On June 2, Joule Africa announced a $200 million investment plan to develop solar power in Cameroon.
This announcement comes on the heels of another successful agreement between Joule and the Cameroonian government: the building of a hydroelectric plant on the Katsina Ala river. This project alone is expected to raise the country’s capacity to generate power by 40 percent, an increase of 450 megawatts.
Cameroon has the second largest hydroelectric potential in Africa. While working to harness more of this potential, the government of Cameroon is looking toward complimentary sources of energy. Predicting dry spells and rain shortages during hot summer months, they have turned to solar power.
The new deal with Joule Africa, set to supply an additional 100 megawatts of power, marks a confidence in the nation’s growth that is sorely needed. For the time being, there is little information on the accessibility of electricity in Cameroon, but some reports estimate that less than 20 percent of the population has a reliable power source.
It is hoped that higher outputs of energy, in tandem with the building of energy grids and roads, will reach a greater number of Cameroonians, though for many, it is first and foremost a development strategy upon which hinges economic growth. President Paul Biya has expressed his desire for Cameroon to achieve emerging market status by 2035. One of the avenues to this end goal is the improvement of energy infrastructure, and indeed, Cameroon’s energy needs are expected to triple by 2020.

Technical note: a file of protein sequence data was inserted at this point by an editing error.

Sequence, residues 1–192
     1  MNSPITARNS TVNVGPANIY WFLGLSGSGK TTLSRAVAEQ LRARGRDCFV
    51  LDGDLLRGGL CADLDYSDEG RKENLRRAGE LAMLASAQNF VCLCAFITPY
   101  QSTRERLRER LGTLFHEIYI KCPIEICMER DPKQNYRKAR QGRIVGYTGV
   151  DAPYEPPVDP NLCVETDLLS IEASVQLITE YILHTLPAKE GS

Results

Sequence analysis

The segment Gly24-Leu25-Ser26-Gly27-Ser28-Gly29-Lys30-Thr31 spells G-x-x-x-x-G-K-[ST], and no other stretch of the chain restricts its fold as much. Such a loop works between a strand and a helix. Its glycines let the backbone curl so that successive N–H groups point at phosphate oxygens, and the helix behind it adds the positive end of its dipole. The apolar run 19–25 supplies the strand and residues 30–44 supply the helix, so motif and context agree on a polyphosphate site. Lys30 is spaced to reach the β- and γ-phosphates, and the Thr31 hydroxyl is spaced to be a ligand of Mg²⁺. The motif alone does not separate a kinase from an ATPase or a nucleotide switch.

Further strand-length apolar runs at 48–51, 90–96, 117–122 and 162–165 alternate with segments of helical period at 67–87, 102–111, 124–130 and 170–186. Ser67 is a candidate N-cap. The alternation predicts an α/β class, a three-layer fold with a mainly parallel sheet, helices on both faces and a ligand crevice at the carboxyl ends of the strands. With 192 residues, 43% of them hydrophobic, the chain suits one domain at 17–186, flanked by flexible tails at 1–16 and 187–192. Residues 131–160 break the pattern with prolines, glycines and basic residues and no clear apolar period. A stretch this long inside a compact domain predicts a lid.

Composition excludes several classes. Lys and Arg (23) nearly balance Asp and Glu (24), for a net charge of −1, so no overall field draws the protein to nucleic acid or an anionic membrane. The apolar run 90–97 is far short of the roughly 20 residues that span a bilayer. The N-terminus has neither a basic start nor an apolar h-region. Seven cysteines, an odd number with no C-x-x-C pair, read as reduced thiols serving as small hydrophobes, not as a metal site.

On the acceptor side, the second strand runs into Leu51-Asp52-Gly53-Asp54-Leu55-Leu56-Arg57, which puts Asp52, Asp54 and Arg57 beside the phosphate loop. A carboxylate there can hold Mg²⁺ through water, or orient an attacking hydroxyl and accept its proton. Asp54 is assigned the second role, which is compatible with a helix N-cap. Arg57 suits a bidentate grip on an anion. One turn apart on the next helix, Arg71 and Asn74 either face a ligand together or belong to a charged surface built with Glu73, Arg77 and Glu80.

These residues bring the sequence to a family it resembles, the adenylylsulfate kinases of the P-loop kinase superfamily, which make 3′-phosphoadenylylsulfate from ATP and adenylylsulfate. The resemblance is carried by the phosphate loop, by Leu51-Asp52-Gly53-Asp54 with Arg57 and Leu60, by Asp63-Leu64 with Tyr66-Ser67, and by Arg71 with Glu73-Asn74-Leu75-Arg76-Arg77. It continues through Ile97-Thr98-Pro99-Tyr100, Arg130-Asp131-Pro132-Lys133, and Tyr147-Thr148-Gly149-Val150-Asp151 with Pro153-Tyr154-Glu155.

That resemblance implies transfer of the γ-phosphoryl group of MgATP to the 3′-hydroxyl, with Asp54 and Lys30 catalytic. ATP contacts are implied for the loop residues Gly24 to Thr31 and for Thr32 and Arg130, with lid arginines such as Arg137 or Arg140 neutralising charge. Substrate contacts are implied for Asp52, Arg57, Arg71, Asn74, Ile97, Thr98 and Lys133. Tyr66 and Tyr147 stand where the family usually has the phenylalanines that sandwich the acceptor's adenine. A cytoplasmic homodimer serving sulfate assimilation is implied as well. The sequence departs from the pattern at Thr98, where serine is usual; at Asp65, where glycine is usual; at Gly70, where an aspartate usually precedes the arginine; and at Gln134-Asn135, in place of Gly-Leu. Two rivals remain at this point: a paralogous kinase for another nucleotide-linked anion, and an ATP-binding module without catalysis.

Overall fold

Joule Africa is now working with a partner-engineering firm, Bethel Industrievertretung, and the government to determine five sites suitable for solar power facilities in Cameroon. The project will increase Cameroon’s capacity to generate energy by 15 percent. It will be constructed in two phases; the first stage being completed in 2015, and the second by 2017.
– Olivia Kostreva